“We Jews Are Also Men and Not Cowards”: Jewish Frontkämpfer and the Masculine Habitus

Friday, January 5, 2018: 1:50 PM
Columbia 1 (Washington Hilton)
Michael J. Geheran, Clark University
For many Jewish ex-servicemen, the First World War was a psychologically transformative experience; it provided the context for their identity as Germans, Jews, and soldiers, and it also influenced how they imagined themselves as men. Fighting in the trenches led to the emergence of a distinctive habitus among the former combatants, where courage, self-assertion, and resilience became the measure against which their manhood was evaluated. National Socialism threatened to erase all this; it sought to destroy the identity Jewish veterans had constructed as soldiers in the service of the fatherland and the high status accorded them as Frontkämpfer, upon which their sense of masculine identity rested. The same values that compelled Jewish soldiers to demonstrate bravery in the front lines in World War I, however, also made it impossible for them to passively accept these degradations. The Nazi years were a struggle for redemption, a battle to reclaim their status and honor.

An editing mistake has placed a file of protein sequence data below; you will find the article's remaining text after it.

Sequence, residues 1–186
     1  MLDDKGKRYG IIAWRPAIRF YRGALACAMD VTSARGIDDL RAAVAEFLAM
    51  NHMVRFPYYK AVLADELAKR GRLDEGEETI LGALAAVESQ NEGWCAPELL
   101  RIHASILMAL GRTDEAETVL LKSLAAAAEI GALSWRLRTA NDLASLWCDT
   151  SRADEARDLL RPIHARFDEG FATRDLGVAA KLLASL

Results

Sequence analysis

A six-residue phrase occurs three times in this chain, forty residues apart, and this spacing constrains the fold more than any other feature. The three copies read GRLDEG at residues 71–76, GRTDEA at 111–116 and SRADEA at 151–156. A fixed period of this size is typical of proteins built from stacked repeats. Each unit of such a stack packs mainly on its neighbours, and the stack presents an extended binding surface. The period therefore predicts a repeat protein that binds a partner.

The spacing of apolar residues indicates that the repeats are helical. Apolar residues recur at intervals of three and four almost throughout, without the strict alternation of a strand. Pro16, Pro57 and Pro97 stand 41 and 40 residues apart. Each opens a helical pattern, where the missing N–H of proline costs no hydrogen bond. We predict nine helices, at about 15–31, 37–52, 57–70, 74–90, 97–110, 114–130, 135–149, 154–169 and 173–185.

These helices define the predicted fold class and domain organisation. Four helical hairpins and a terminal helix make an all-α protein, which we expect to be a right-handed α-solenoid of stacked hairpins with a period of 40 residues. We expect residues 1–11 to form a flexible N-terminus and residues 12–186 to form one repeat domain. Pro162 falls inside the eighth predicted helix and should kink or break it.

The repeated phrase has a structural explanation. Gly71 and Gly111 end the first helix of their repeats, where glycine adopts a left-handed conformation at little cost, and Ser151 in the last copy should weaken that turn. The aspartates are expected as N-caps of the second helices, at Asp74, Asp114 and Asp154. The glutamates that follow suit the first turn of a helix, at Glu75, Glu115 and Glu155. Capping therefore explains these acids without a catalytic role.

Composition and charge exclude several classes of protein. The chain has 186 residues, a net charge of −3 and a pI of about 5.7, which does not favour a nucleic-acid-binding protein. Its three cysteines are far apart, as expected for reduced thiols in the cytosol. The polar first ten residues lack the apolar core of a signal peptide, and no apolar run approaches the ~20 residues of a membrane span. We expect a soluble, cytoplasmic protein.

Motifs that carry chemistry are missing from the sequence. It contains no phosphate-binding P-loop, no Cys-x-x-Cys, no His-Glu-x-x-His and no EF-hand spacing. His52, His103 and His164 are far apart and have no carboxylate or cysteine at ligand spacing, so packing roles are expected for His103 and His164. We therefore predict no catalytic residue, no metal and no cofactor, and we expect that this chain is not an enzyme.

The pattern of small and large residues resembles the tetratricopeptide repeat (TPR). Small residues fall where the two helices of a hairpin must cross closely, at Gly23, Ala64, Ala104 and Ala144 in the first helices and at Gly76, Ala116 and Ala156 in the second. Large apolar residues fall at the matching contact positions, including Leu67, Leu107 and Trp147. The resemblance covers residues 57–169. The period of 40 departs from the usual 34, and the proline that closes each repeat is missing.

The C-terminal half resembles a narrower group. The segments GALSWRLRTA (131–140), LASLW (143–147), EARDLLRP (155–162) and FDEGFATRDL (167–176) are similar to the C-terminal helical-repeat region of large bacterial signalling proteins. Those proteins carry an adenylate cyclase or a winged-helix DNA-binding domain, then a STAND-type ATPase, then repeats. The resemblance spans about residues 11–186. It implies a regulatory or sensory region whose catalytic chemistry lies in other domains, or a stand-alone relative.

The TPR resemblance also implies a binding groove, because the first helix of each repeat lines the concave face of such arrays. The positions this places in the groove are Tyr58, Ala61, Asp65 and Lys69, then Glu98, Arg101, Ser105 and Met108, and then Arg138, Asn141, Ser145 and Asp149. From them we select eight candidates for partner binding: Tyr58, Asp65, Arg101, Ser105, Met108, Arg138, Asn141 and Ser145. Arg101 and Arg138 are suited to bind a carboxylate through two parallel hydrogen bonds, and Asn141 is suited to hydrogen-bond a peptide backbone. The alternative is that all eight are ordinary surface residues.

Supported by ego-documents and official records from archives in Europe, Israel, and the United States, my paper examines how fighting in World War I shaped the self-identities and habitus of the German-Jewish “front generation,” paying particular attention to their responses to National Socialism after 1933. What were the central values of Jewish veterans of World War I? How did antisemitism and persecution change the way veterans saw themselves as men? Under which conditions were they able to preserve their masculine honor? What do their behaviors tell us about soldiering, gender, war and identity? A study of German-Jewish war veterans has broader implications, and throws light on how minority groups embraced the ideals of hegemonic masculinity as a means to overturn racist or gendered stereotypes and claim greater inclusion in the national body.